The SHS is one of the world’s oldest maritime charities. Its new CEO, Sandra Welch, explains its role.
The Society is best known for the Dreadnought, strictly speaking just the second of three hospital ships that, from 1821, provided medical services off Greenwich for merchant seafarers until the work ‘came ashore’ in 1870 into the former Greenwich Hospital Infirmary (now the Dreadnought Building of Greenwich University). From then on it gained a worldwide reputation for its contribution to understanding diseases such as cholera, typhoid and scurvy, in turn leading to the creation of the Hospital for Tropical Diseases.
As it reaches its bicentenary, the Society’s basic purpose remains unchanged; but how support is provided has changed significantly. This was never more so than in 2020, when it responded quickly to the Covid pandemic, drawing down funds from its investment portfolio and increasing the number and level of grants to help seafarers and their dependants during the crisis.
The provision of confidential support for their mental health and well-being has remained one high priority, with 24/7 access. Another is fast-track NHS medical treatment for those working at sea via the Dreadnought medical facility at Guy’s and St Thomas’s Hospital, and fast, free physiotherapy through the Society’s national network of providers.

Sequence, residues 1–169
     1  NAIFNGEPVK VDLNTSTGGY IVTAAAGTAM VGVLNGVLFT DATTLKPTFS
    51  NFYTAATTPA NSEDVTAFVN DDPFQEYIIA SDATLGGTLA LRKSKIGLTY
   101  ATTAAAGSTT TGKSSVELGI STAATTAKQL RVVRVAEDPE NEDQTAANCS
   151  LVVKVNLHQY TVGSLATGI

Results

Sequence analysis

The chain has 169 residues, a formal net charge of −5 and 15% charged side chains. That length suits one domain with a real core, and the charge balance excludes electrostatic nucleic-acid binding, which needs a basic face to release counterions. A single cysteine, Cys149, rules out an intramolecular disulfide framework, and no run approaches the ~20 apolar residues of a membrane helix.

It also provides:
- grants for emergencies, covering anything from domestic equipment and disability needs to help with funeral costs and essential debts. Additional money from Seafarers UK, the Maritime Anchor Fund, is also helping remedy financial hardships caused by Covid to UK-based Merchant Navy seafarers
- a specialist citizens-advice service – the Seafarers Advice & Information Line (SAIL) – which gives it free and confidentially on a wide range of issues
- Sea Fit, run in partnership with the Fishermen’s Mission, delivering a range of free health and welfare services at the quayside to fishermen.
So, what about the future? Having arrived to head the organisation last year, I have tried to bring a fresh focus on the holistic care of seafarers and their families. The Society has always been Greenwich-based (if perhaps often overlooked) and an interactive timeline covering its notable history is one feature of a new website.
And, of course, if anyone eligible needs our professional help, the contact details are: [email protected]
or phone 020 8858 3696